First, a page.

The NYTimes “Rise in Deadly Attacks on Shiites in Iraq Stirs Anger at Government” (9/28/13) implies that the troubles in Iraq are the result of an “increasingly deadly Sunni insurgency.” This is an example of selectively choosing the day upon which to start history. Since Maliki’s ascendancy the Sunni minority has been under increasingly violent suppression; its political leadership has been decimated by assassination and imprisonment along with indiscriminate violence from government-backed militias.
Omitting mention of al-Qaeda in Iraq, and the government’s inability to stop its primarily anti-Shiite terrorism, frames the ‘insurgency’ as solely Iraqi-on-Iraqi violence. It may come to this, but at present it is a distortion of facts.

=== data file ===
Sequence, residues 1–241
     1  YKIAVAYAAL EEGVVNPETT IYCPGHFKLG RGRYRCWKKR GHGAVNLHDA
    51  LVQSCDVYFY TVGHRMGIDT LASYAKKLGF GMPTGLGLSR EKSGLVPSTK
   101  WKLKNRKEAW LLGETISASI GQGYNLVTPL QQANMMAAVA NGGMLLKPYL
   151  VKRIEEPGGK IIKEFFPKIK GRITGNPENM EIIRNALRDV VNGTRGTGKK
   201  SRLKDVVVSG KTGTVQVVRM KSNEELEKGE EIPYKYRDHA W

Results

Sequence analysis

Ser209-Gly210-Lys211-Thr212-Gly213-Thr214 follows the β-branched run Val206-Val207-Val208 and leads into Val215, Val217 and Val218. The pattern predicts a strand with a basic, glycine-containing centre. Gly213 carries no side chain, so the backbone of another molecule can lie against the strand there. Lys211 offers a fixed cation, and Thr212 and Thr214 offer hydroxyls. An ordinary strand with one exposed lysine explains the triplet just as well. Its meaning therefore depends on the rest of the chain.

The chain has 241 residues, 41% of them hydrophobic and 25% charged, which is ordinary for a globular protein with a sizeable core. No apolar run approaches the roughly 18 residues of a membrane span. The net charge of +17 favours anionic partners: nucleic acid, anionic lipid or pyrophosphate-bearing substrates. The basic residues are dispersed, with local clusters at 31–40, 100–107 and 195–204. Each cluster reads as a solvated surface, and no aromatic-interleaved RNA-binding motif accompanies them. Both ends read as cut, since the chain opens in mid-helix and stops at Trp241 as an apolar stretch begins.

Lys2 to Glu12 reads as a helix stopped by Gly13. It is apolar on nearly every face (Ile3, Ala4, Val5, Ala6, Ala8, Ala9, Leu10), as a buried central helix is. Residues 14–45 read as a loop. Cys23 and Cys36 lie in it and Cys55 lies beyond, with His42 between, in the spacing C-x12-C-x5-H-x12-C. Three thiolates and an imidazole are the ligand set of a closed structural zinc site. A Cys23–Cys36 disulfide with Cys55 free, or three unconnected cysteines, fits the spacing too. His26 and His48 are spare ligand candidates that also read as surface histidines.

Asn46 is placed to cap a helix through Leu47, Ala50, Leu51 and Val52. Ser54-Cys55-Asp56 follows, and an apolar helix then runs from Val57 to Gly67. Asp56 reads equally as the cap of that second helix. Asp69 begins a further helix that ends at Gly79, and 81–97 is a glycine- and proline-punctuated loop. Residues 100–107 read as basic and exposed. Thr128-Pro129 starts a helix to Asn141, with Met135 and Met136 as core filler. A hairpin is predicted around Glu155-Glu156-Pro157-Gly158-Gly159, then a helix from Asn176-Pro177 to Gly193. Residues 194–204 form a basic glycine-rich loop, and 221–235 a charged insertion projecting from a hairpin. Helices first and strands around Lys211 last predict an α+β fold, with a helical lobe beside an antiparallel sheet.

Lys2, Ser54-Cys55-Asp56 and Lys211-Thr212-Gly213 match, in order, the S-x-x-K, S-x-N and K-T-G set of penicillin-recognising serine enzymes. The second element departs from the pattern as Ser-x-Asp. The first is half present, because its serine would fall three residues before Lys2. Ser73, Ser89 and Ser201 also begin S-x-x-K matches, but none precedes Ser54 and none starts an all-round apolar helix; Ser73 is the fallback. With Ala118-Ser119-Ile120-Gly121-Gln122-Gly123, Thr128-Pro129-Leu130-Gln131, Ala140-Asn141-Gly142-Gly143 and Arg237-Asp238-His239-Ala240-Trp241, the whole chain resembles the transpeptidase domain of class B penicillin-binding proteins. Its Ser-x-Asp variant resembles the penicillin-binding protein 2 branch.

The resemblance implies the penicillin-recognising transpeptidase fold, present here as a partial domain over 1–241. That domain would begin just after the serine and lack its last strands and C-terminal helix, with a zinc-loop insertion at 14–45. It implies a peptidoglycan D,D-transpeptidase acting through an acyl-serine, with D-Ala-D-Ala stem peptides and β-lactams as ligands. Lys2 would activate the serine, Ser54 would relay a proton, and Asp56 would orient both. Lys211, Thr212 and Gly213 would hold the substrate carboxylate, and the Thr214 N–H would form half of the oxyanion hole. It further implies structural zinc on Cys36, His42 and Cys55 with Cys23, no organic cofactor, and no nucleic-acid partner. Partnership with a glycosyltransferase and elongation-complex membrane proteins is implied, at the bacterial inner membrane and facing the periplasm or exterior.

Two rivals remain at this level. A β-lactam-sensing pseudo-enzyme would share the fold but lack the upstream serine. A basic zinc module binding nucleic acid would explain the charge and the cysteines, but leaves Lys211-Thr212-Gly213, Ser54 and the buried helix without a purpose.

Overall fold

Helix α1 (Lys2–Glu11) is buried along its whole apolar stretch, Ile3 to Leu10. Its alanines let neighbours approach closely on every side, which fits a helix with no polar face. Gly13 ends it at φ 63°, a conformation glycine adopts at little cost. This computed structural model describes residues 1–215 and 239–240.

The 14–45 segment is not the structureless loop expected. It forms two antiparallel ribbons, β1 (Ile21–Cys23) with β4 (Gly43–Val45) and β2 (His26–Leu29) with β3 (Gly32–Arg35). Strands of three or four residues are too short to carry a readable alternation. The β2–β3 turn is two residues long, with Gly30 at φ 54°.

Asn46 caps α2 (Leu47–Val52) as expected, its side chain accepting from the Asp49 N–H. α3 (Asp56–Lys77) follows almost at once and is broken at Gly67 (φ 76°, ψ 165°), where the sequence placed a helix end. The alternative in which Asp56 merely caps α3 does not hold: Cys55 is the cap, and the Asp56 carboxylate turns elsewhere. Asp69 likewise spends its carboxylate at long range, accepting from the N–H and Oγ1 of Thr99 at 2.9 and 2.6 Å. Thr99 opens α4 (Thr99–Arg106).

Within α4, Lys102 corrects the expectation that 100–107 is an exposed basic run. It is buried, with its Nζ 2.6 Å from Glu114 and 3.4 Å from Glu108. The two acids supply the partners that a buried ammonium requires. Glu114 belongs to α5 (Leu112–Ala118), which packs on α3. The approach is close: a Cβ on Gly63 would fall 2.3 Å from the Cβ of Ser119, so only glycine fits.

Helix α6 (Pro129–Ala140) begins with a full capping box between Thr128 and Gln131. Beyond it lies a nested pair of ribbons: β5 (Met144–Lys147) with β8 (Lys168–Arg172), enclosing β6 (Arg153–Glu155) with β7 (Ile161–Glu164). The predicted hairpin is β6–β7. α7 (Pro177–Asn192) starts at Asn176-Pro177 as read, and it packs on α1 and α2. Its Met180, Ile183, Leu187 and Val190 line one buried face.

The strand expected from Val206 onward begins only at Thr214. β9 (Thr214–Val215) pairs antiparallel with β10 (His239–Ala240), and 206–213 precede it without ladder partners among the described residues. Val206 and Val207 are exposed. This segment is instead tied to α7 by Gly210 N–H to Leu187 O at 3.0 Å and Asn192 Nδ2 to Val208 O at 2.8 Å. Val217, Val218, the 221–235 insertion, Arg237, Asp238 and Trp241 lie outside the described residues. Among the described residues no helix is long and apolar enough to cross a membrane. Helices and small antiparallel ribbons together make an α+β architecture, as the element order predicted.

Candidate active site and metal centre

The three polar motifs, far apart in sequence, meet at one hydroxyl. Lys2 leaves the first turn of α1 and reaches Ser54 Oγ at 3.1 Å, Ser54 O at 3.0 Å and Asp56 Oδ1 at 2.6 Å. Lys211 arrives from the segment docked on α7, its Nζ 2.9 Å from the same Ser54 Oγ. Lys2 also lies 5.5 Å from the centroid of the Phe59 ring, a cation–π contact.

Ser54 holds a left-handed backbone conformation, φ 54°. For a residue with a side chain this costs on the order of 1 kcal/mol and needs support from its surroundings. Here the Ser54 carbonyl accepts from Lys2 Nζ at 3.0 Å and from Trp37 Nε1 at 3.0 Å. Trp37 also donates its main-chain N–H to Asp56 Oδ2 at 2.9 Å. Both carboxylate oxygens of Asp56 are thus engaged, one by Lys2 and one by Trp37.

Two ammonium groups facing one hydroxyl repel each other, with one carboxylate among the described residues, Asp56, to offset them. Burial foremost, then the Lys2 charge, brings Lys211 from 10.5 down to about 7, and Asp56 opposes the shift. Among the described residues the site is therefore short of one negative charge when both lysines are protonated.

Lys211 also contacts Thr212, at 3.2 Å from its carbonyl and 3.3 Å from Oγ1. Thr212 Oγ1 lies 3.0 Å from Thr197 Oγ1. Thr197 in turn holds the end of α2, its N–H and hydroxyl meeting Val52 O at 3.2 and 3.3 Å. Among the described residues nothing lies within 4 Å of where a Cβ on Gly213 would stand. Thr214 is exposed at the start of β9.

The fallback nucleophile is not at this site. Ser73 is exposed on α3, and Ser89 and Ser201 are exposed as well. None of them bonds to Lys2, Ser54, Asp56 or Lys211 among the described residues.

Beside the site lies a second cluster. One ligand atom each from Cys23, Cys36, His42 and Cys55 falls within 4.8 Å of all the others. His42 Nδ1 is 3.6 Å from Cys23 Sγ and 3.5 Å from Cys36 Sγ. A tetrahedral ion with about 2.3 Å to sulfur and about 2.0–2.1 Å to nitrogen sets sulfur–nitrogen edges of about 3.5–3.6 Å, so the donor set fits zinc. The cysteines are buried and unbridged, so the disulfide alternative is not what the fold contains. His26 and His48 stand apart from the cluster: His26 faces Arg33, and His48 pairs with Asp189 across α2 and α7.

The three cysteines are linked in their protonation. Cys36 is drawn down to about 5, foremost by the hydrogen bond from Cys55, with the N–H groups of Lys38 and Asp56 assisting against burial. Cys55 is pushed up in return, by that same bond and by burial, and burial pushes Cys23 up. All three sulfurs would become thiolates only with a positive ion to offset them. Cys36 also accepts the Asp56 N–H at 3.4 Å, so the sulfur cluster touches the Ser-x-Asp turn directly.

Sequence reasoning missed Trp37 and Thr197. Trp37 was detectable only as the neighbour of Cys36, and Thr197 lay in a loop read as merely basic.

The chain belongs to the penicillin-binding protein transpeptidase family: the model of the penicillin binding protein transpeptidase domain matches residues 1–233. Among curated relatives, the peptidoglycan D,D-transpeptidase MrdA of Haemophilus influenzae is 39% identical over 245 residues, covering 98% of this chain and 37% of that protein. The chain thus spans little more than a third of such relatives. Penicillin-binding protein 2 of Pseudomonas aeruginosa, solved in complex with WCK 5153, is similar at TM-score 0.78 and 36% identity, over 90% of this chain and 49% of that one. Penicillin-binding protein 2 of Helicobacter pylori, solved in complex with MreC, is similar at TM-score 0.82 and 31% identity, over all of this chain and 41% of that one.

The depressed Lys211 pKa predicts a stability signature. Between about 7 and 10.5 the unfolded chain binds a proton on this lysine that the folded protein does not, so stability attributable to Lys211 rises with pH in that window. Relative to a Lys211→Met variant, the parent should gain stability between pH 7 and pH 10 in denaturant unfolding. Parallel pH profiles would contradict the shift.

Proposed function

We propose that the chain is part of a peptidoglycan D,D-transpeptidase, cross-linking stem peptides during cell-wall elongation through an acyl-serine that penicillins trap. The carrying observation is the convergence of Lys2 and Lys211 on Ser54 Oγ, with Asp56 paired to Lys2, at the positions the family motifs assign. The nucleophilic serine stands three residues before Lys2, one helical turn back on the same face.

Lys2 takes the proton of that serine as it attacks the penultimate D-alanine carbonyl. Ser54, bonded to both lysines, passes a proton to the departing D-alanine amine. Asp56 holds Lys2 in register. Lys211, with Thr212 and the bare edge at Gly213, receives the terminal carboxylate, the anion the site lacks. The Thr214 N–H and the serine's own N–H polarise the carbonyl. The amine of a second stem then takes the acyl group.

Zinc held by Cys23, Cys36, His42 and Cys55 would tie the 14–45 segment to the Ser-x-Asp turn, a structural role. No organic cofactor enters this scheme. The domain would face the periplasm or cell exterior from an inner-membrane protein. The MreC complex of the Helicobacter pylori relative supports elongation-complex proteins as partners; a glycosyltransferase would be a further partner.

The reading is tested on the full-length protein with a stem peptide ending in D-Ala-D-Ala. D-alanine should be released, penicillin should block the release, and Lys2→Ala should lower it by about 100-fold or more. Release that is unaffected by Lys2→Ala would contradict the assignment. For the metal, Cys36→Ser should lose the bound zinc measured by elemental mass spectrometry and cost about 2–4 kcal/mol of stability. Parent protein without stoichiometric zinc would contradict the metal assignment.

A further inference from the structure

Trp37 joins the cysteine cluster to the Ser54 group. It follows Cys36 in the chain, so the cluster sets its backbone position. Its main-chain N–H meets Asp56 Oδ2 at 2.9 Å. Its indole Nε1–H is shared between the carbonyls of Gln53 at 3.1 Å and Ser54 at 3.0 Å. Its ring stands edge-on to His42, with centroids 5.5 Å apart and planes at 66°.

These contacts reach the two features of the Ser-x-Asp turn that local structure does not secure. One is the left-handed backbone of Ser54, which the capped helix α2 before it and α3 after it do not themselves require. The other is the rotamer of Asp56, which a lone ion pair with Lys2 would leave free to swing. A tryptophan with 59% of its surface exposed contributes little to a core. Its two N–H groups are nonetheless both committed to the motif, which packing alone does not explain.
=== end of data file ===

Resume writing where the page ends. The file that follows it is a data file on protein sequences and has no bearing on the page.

Perhaps in deference to Obama’s recent overtures to Iran, the article fails to mention that anti-Sunni terrorist acts carried out by Asaib al-Haq (AAH) are funded by Iran. AAH is a proxy army of Iran (trained and supported by Iran’s al-Quds force) and is allowed to operate in Iraq by an ongoing agreement between Maliki and Iran. In exchange for Iran’s support of his leadership Maliki has agreed to funnel oil to Iran and allow AAH members to be part of his government.
Perhaps the NYTimes thinks its readers are not sophisticated enough to understand the details. Its omissions oversimplify the situation and lead its readers to false conclusions about the violence ripping Iraq apart.
September 28, 2013 by Bruce Wallace, 121Contact